Wisconsin swings into round of 16 again

Wisconsin point guard Jordan Taylor provided the most memorable quip so far to sum up the biggest criticism the Badgers get every March in coach Bo Ryan's swing offense.

"If people think we're boring, there's a lot of channels on TV they can watch," Taylor said after Wisconsin's 70-65 win over Kansas State on Saturday.

The Badgers may not be "must-see TV" to their detractors, but the gritty victory over the Wildcats was a strong statement of their belief in Ryan's tutelage.

"Our team personifies what he's all about. We all understand his system and what he's trying to preach since Day 1. We've bought into that," forward Jon Leuer said Monday. "Our team as a whole resembles his character and the character of the team."

The Badgers have been in the NCAA tournament each of the past 13 years. This year, they're back in the round of 16 for the first time since 2008 and the fourth in Ryan's 10 years in Madison.

Wisconsin (25-8) faces Butler (25-9) in New Orleans on Thursday with the winner playing either BYU or Florida on Saturday for a Final Four berth.

Wisconsin has dynamic playmakers in Taylor and Leuer. Role players Keaton Nankivil, Mike Bruesewitz, Tim Jarmusz and freshman Josh Gasser have all come up big, too, in the evolving offense.

Ryan says he doesn't get offended when the swing is picked apart, but there's a time when the coach gets tired of questions about the offensive style.

"I just don't understand when people always refer to 'Wisconsin basketball.' We score. We'll push," Ryan said after the win over the Wildcats. "I'm sure there's a manual out there that says if you don't turn the ball over a lot, you get to the free throw line, you make your free throws and you work hard on defense and you take good shots; if you want to call that Wisconsin basketball, amen. That is us."

Add in toughness, something on display this past weekend.

Against Kansas State, Taylor shot 2 of 16 from the field but came up with a key block against Wildcats star Jacob Pullen.

Leuer needed three stitches on his head to close one cut and later got bumped on the head by Bruesewitz when celebrating. Nankivil said he needed "five or six" stitches after an inadvertent elbow. Bruesewitz is still wearing a bulky brace after spraining his right knee three games ago.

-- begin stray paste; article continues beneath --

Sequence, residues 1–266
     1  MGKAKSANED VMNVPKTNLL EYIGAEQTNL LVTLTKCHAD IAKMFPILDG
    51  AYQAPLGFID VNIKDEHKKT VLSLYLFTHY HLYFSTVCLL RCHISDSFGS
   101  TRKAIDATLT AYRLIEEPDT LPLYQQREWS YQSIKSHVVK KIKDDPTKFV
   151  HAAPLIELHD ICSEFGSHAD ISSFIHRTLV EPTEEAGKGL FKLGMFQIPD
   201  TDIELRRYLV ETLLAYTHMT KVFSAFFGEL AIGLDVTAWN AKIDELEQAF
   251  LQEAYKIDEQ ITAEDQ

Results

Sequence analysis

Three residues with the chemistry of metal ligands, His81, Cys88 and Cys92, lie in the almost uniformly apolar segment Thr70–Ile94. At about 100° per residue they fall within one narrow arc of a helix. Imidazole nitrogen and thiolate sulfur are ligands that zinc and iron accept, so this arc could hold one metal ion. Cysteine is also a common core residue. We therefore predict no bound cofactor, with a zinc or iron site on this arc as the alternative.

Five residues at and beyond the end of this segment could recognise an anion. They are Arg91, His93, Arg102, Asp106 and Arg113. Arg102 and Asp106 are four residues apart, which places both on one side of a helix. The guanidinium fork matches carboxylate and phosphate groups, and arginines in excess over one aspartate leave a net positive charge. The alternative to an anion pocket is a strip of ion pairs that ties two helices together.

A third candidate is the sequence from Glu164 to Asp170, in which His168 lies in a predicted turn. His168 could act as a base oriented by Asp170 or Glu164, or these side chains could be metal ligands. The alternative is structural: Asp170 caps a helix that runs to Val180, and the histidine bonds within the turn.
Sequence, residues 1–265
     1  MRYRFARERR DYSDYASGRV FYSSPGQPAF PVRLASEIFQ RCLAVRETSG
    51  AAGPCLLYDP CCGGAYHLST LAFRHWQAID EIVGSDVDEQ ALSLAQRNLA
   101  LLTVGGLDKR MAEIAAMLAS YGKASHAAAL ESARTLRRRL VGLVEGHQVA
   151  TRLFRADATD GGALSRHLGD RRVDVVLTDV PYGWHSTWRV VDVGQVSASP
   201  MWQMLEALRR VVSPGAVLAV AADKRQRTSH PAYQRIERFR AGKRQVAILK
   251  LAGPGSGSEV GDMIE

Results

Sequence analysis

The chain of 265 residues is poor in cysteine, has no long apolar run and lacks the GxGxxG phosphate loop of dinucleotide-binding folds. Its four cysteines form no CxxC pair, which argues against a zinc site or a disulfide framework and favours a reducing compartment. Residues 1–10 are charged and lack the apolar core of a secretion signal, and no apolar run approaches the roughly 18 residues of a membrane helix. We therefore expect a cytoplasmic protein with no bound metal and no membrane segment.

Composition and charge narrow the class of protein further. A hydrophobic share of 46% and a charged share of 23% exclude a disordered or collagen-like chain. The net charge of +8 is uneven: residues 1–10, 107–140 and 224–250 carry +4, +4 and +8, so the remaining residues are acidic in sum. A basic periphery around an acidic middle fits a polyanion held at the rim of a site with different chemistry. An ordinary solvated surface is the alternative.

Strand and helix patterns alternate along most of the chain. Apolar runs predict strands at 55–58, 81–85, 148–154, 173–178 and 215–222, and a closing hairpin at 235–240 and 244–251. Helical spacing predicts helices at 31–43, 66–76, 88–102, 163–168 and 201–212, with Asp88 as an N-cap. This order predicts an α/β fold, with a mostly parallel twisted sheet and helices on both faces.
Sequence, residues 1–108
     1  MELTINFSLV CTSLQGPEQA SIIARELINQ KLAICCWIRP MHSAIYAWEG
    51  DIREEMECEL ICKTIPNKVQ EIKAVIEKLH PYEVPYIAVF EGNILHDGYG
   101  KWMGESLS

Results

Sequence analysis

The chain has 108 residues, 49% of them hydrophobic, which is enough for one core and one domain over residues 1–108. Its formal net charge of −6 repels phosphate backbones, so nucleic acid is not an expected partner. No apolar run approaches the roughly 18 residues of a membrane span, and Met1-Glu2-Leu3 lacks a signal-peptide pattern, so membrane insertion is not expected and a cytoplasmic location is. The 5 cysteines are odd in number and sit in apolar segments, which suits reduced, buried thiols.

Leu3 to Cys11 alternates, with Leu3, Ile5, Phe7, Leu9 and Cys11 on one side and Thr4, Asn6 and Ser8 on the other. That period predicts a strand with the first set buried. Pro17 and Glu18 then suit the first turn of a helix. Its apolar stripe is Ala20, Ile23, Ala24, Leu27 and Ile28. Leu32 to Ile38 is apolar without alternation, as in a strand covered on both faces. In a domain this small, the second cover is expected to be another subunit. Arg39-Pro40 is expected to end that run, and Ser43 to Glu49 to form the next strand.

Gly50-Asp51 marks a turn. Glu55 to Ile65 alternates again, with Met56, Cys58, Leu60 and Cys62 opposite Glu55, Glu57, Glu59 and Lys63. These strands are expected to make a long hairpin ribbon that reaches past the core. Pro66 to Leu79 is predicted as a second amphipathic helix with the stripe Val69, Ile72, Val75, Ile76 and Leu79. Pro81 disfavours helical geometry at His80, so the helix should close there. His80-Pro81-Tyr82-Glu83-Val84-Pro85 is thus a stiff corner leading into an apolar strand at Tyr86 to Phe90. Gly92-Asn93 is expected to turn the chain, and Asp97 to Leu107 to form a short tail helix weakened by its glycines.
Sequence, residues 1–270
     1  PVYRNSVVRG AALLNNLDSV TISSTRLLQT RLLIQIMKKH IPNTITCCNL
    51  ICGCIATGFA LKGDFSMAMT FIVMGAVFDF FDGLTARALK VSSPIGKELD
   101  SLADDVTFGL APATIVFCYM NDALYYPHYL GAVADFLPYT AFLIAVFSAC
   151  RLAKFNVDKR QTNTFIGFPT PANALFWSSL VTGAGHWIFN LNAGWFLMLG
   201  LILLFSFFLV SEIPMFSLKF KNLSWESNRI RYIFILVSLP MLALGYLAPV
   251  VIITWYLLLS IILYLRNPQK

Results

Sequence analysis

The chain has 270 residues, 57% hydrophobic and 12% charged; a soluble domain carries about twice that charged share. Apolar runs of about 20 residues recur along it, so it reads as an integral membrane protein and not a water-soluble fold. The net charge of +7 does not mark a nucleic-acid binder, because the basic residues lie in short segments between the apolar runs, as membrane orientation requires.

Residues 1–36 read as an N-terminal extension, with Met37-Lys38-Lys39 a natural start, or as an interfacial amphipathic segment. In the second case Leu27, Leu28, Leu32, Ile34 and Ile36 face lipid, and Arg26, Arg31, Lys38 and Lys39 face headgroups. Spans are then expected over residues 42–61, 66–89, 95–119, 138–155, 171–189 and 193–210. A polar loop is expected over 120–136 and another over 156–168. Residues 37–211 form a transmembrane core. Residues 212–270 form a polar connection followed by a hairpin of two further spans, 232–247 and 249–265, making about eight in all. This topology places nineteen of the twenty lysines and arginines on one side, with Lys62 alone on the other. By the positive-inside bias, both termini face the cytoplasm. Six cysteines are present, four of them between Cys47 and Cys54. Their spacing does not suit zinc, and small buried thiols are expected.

"They always say that a team is kind of a reflection of the coach," said Nankivil, still sporting a big black eye. "As much as it's Xs and Os, it's the toughness, the intangibles. Physically what people ended up seeing in that game, that kind of stuff goes on all the time.

"He just encourages us to fight through it and get the job done. When you can see it in terms of blood or whatever it might be, it brings it to the forefront."

Wisconsin is 242-90 under Ryan and has been to the NCAA tournament every year with the swing, advancing to the regional finals once. He won four national championships at Division III Wisconsin-Platteville and spent two years at Wisconsin-Milwaukee before taking over the Badgers.

"There are constants. The constants are good shooting, good cuts, trying to get to the free throw line and if people don't see a lot of high-flying dunks, that's too bad," Ryan said Monday. "I'm still about substance, not flash. I like my players to be that way and it's out of respect for the game. I think the game of basketball is something that needs to be respected and one of the ways it can start is by the way teams play it."

Ryan's swing offense is designed to keep the ball moving from side to side and allows everyone who touches the ball multiple options to either pass or look for an open shot after each screen and cut.

"There are teams out there that for 40 years ran what was called motion offense. And people never went, 'Oh my god, the motion offense, that's terrible or that's this or that's that. What is motion offense?'" Ryan said. "We don't get offended, we laugh when people think the swing is just an up screen and a back screen. But that's OK. If people are guessing, that's to our benefit."

The Badgers' patience pressures defenders to stay fundamentally sound deep in the shot clock and Taylor's ability to improvise allows him to slash to the rim or look for Leuer or others for jumpers.

Since all the Badgers are capable of making open 3-pointers, defenders must decide whether to collapse on Taylor or take their chances that he'll make a wrong decision. It rarely happens — Taylor has the best assist-to-turnover ratio in the nation.

And the cries from rival programs that the swing hinders players' development or keeps them from getting early looks from NBA scouts? Don't buy it when it comes to Taylor.

"He certainly has never been retarded in his development in playing what we play," Ryan said. "There's always people that want to keep certain people down. And that's OK. But we just keep playing."

And winning.